ritual narrative Balberg, Blood for Thought: The Reinvention of Sacrifice in Early Rabbinic Literature (2017) 48, 71, 80
roman empire, sacrifice in Balberg, Blood for Thought: The Reinvention of Sacrifice in Early Rabbinic Literature (2017) 48
sacrifice, animal, in judaism v, vi Petropoulou, Animal Sacrifice in Ancient Greek Religion, Judaism, and Christianity, 100 BC to AD 200 (2012) 193
slaughter, time and place of Petropoulou, Animal Sacrifice in Ancient Greek Religion, Judaism, and Christianity, 100 BC to AD 200 (2012) 193
slaughter (shekhitah), as stage of sacrifice Balberg, Blood for Thought: The Reinvention of Sacrifice in Early Rabbinic Literature (2017) 71
substances, sacrificial Balberg, Blood for Thought: The Reinvention of Sacrifice in Early Rabbinic Literature (2017) 100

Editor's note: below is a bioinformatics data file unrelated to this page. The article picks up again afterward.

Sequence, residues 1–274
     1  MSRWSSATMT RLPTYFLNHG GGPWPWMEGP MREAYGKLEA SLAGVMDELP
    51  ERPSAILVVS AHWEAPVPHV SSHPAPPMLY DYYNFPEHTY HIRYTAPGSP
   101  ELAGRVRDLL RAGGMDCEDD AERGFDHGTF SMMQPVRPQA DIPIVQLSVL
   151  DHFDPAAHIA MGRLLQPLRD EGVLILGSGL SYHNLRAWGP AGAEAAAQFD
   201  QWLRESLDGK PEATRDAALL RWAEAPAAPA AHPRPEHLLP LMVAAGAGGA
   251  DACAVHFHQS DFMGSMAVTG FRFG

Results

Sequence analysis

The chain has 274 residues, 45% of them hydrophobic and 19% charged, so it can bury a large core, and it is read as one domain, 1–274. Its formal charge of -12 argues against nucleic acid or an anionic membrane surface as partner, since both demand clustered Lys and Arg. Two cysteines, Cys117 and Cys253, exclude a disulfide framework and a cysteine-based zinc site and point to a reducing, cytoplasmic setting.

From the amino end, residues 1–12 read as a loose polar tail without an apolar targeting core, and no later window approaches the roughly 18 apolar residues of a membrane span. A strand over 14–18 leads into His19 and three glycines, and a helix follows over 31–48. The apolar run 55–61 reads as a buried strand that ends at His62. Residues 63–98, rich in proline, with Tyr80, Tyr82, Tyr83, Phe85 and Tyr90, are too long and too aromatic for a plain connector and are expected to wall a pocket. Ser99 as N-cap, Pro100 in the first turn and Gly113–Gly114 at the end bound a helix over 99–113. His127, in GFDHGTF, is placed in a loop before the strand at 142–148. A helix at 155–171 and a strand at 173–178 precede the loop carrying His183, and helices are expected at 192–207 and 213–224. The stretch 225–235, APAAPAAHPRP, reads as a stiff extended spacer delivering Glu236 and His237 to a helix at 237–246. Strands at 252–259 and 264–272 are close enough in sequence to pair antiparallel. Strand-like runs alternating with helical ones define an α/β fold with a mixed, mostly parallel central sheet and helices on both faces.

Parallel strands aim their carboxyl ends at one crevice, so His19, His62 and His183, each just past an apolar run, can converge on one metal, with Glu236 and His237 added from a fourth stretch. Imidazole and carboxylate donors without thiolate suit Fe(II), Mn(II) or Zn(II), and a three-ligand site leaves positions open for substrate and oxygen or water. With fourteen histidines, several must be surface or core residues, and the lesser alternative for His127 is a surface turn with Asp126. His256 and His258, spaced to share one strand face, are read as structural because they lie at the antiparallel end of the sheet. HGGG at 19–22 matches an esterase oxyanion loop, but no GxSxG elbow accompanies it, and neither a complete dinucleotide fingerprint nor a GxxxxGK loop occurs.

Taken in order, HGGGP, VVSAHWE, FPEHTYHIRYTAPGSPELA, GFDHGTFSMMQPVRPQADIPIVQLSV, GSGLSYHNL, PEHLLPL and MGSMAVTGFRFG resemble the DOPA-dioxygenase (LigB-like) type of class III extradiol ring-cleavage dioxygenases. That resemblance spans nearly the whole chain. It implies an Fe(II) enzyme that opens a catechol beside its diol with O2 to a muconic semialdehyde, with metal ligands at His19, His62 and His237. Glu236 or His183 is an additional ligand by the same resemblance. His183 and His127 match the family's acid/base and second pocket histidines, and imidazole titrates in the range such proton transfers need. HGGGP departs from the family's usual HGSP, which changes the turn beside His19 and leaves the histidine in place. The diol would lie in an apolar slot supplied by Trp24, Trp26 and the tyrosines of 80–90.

torahs deviation from Hayes, What's Divine about Divine Law?: Early Perspectives (2015) 212
tort law, in tannaitic sources Schick, Intention in Talmudic Law: Between Thought and Deed (2021) 18
tort law, strict liability Schick, Intention in Talmudic Law: Between Thought and Deed (2021) 18
tossing of blood (zeriqah) Balberg, Blood for Thought: The Reinvention of Sacrifice in Early Rabbinic Literature (2017) 48, 71
unbinding Balberg, Blood for Thought: The Reinvention of Sacrifice in Early Rabbinic Literature (2017) 97
walking (holakhah) Balberg, Blood for Thought: The Reinvention of Sacrifice in Early Rabbinic Literature (2017) 71
work of blood (avodat ha-dam) Balberg, Blood for Thought: The Reinvention of Sacrifice in Early Rabbinic Literature (2017) 71